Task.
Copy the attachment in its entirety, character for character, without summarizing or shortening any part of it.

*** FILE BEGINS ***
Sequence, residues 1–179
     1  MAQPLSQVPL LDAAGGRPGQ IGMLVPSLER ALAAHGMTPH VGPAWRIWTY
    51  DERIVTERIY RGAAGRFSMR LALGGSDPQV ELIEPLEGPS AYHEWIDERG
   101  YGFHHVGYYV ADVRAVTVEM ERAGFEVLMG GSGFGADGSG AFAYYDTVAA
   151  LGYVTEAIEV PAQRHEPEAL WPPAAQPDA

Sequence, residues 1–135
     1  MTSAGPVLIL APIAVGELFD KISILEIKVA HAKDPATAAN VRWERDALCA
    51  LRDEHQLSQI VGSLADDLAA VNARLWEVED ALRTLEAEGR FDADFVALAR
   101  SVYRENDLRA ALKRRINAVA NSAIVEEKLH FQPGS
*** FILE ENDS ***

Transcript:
Sequence, residues 1–179
     1  MAQPLSQVPL LDAAGGRPGQ IGMLVPSLER ALAAHGMTPH VGPAWRIWTY
    51  DERIVTERIY RGAAGRFSMR LALGGSDPQV ELIEPLEGPS AYHEWIDERG
   101  YGFHHVGYYV ADVRAVTVEM ERAGFEVLMG GSGFGADGSG AFAYYDTVAA
   151  LGYVTEAIEV PAQRHEPEAL WPPAAQPDA

Sequence, residues 1–135
     1  MTSAGPVLIL APIAVGELFD KISILEIKVA HAKDPATAAN VRWERDALCA
    51  LRDEHQLSQI VGSLADDLAA VNARLWEVED ALRTLEAEGR FDADFVALAR
   101  SVYRENDLRA ALKRRINAVA NSAIVEEKLH FQPGS